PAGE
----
nep-dcm New Economics Papers
on Discrete Choice Models
Issue of 2009‒09‒05
three papers chosen by
Philip Yu
Hong Kong University

  1. Copula-based bivariate binary response models By Rainer Winkelmann
  2. Structural Estimation and Policy Evaluation in Developing Countries By Petra E. Todd; Kenneth I. Wolpin
  3. Estimating the Employer Switching Costs and Wage Responses of Forward-Looking Engineers By Jeremy T. Fox

  1. By: Rainer Winkelmann (Socioeconomic Institute, University of Zurich)
    Abstract: The bivariate probit model is frequently used for estimating the effect of an endogenous binary regressor on a binary outcome variable. This paper discusses simple modifications that maintain the probit assumption for the marginal distributions while introducing non-normal dependence among the two variables using copulas. Simulation results and evidence from two applications, one on the effect of insurance status on ambulatory expenditure and one on the effect of completing high school on subsequent unemployment, show that these modified bivariate probit models work well in practice, and that they provide a viable and simple alternative to the standard bivariate probit approach.
    Keywords: Bivariate probit, binary endogenous regressor, Frank copula, Clayton copula
    JEL: C23
    Date: 2009–08
  2. By: Petra E. Todd (Department of Economics, University of Pennsylvania); Kenneth I. Wolpin (Department of Economics, University of Pennsylvania)
    Abstract: This paper discusses the use of discrete choice dynamic programming (DCDP) methods for evaluating policies of particular relevance to developing countries, such as policies to reduce child labor and increase school attendance, to improve school quality, to affect immigration flows, to expand old age pension benefits, or to foster small business investment through microfinance. We describe the DCDP framework and how it relates to static models, illustrate its application with an example related to conditional cash transfer programs, consider numerous empirical applications from the literature of how the DCDP methodology has been used to address substantively important policy issues, and discuss methods for model validation.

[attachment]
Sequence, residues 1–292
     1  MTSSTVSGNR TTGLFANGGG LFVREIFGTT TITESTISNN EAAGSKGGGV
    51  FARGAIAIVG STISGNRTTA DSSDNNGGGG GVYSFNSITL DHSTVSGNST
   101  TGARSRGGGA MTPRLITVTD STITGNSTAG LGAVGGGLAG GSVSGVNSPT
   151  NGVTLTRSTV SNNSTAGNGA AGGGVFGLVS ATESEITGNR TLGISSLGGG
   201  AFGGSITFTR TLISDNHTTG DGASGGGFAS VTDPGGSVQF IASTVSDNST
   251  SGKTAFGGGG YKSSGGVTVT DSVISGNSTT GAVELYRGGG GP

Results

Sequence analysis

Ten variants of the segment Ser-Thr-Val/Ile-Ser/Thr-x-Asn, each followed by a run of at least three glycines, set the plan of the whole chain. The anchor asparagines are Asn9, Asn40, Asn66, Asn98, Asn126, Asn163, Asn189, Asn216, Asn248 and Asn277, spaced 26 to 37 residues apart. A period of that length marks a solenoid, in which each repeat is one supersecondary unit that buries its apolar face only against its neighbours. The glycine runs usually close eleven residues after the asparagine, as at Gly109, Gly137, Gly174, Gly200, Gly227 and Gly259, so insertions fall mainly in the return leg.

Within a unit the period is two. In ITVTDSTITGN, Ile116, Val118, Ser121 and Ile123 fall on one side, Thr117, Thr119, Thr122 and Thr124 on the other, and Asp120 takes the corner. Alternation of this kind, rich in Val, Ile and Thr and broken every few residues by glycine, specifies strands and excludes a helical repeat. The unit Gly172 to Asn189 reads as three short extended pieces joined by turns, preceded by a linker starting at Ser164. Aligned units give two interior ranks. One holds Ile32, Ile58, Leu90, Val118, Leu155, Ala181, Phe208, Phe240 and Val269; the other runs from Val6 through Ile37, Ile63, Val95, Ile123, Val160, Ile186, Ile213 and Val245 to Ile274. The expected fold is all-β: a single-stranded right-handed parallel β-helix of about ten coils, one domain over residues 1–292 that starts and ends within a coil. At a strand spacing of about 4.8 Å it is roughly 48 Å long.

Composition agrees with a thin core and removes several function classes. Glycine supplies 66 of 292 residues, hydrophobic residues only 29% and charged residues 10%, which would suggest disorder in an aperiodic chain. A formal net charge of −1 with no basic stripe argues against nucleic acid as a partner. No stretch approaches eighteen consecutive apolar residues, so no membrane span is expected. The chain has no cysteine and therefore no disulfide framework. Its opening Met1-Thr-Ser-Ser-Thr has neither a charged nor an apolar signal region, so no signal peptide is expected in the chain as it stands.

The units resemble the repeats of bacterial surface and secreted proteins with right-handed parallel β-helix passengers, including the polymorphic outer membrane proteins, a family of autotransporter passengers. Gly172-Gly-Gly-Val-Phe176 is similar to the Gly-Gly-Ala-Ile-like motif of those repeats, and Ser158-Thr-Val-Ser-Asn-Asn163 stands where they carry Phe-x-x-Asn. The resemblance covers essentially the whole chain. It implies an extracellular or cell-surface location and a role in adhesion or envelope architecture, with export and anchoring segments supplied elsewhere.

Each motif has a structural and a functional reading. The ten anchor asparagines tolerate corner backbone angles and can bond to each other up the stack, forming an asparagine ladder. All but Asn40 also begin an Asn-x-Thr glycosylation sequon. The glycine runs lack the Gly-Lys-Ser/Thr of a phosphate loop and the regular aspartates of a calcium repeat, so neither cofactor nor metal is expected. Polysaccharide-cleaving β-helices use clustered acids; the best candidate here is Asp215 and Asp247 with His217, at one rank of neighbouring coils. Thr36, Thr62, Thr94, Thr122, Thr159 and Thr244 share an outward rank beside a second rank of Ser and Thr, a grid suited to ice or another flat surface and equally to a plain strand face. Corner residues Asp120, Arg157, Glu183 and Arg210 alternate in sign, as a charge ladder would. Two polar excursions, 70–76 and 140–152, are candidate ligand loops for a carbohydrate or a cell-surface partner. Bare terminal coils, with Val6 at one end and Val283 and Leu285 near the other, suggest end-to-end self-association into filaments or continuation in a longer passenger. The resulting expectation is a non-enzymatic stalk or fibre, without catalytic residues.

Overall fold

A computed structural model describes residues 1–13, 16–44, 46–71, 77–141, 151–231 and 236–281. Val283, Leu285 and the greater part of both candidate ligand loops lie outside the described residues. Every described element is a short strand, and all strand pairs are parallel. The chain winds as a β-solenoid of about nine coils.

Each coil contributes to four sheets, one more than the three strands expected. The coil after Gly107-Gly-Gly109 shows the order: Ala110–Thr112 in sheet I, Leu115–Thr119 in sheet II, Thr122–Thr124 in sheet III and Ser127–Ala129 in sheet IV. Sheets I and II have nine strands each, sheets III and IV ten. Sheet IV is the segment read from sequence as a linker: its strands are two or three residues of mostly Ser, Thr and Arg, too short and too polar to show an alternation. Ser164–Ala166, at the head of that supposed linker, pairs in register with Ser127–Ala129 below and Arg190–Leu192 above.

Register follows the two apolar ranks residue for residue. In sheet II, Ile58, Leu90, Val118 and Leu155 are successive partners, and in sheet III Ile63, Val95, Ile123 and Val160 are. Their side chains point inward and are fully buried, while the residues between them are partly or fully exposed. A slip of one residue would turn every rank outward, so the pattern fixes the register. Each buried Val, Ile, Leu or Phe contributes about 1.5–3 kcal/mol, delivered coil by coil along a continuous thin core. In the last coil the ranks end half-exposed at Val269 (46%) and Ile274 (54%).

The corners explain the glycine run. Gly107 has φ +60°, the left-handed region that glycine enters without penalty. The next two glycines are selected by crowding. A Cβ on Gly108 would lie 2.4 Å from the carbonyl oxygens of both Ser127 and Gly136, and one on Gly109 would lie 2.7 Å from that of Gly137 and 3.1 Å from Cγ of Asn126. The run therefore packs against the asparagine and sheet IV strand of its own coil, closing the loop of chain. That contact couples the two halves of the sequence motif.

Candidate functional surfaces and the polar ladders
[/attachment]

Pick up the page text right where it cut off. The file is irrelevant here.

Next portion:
Keywords: development economics, policy evaluation, dynamic discrete choice models, schooling, migration
    JEL: J22 C21 H31
    Date: 2009–07–24
  3. By: Jeremy T. Fox
    Abstract: I estimate the relative magnitudes of worker switching costs and how much the employer switching of experienced engineers responds to outside wage offers. Institutional features imply that voluntary turnover dominates switching in the market for Swedish engineers from 1970--1990. I use data on the allocation of engineers across a large fraction of Swedish private sector firms to estimate the relative importance of employer wage policies and switching costs in a dynamic programming, discrete choice model of voluntary employer choice. The differentiated firms are modeled in employer characteristic space and each firm has its own age-wage profile. I find that a majority of engineers have moderately high switching costs and that a minority of experienced workers are responsive to outside wage offers. Younger workers are more sensitive to outside wage offers than older workers.
    JEL: J21 J23 J29 J31 J33 J42 J44 J61 J62 J63 L0
    Date: 2009–09

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